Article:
After a slow first five months, I'm back to blogging in earnest. In the forthcoming few months I plan to keep on tracking the blooming of wildflowers, the activities of bugs and reptiles and any other critters I'm quick enough or lucky enough to photograph, and to comment on ecological relationships. Since there is an increasing sense of ecological crisis among many people and more vigorous denial of such on the part of others, I will inevitably comment on the social and political dimensions of survival as I see them.
I am still an adjunct instructor in the English Department at Feather River College, but time permitting, I am available for hire as a nature guide in the region in and around Plumas County. A brochure describing my usual kinds of natural history adventures is in development. Email me c/o firstname.lastname@example.org with your mailing address and a statement of interests, and I'll send you a rough draft.
I have been teaching since 1965 and have recently joined the English Department as an Associate Faculty member at Feather River College. Recently taught Nature Literature in America and am currently teaching Interpersonal Communication and Basic Reading and Writing.
Several winters ago, when we had some very heavy snow around this time of year, my neighbor's snow blower flung quite a bit of the white stuff onto my birch trees. The one pictured above was bent down onto our garage roof. When the snow melted off, the tree recovered only slightly, and we didn't bother to figure out how to straighten it up. During the next couple of years, I noticed something reminiscent of high school biology labs. A few new branches bent and started growing straight up - the new straight up, which would be parallel to the trunks of the tall firs and pines in the background. This response in opposition to gravity is called negative geotropism. (And spell check doesn't recognize that word! Pathetic!) Tap roots exhibit positive geotropism. By standing erect, we are practicing negative geotropism. I suppose one could say that falling down is an example of positive geotropism. Until now, I never thought of anything positive about falling down.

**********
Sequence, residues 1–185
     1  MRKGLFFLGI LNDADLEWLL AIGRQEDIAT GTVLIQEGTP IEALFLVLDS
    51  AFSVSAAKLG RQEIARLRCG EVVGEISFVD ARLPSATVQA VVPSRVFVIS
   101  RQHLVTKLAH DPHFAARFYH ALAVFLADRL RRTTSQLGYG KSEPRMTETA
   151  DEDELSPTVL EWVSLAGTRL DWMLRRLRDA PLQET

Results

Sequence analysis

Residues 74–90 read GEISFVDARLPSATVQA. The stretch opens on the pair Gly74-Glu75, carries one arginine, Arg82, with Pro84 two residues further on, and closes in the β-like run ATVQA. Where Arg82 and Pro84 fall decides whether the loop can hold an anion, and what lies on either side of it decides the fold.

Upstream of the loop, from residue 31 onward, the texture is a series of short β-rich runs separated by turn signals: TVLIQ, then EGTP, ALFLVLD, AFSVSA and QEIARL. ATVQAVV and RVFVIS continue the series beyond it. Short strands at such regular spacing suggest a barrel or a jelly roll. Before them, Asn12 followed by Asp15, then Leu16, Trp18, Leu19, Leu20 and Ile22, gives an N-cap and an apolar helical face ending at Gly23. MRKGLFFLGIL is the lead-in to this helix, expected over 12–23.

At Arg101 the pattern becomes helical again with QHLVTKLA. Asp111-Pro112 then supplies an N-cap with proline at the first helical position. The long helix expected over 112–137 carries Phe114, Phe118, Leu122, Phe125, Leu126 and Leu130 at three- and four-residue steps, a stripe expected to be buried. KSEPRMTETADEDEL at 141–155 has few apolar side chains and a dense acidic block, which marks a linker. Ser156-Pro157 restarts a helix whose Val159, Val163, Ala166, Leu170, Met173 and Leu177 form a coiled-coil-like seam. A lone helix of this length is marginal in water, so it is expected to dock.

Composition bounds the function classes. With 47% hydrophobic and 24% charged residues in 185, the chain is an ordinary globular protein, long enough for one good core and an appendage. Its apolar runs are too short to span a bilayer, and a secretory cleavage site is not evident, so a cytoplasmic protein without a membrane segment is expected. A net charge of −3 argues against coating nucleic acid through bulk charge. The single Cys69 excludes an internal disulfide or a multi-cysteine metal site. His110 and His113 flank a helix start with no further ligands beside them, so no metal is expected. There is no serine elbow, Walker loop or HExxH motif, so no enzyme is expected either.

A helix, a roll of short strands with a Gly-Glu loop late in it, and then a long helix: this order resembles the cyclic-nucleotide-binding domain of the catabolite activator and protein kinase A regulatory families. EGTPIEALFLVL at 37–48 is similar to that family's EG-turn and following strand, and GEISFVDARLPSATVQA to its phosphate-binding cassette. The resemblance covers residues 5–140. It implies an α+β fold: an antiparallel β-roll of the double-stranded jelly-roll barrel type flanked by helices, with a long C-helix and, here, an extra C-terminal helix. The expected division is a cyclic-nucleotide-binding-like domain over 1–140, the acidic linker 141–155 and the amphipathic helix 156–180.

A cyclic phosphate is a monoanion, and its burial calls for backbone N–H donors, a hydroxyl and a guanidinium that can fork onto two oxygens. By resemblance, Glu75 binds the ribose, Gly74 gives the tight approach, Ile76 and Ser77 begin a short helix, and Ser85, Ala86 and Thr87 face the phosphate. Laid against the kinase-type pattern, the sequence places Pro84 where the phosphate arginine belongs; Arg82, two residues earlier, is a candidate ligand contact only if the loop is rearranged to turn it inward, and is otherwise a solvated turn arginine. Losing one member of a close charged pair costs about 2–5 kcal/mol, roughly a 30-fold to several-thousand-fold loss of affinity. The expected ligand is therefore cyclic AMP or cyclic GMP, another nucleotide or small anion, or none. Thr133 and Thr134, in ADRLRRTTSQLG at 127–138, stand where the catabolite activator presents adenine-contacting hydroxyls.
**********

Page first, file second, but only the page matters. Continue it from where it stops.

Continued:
At the time of the heavy snow we had three birch trees. One of them has since bit the dust and only a 3-foot stump remains. I featured that one here a few days ago because of the great growth of Turkey Tail Fungus now decorating it.
This closer view shows how our tilted birch has become a kind of clinometer. (Another word that spell check doesn't recognize!) In the years since the original upward thrust of the new branches, the root system of the tree has started to give way and the main trunk has sunk another few degrees. Note that the branch with the sharp angle has tilted a few degrees off vertical. The older branches to the lower left have only begun to curve upward at their tips. The new branch probably "thinks" it's a new tree.
So, while it's enjoyable to me to share a little bit of knowledge about plant behavior, in the spirit of the late Richard Feynman's The Pleasure of Finding Things Out, I am doing so in a climate of anti-science and anti-knowledge, two terms for the same thing. For more on this topic, check out my next post, probably tomorrow afternoon. I have to take a break to correct some student papers. The next post will be titled "Beware of Knowledge!"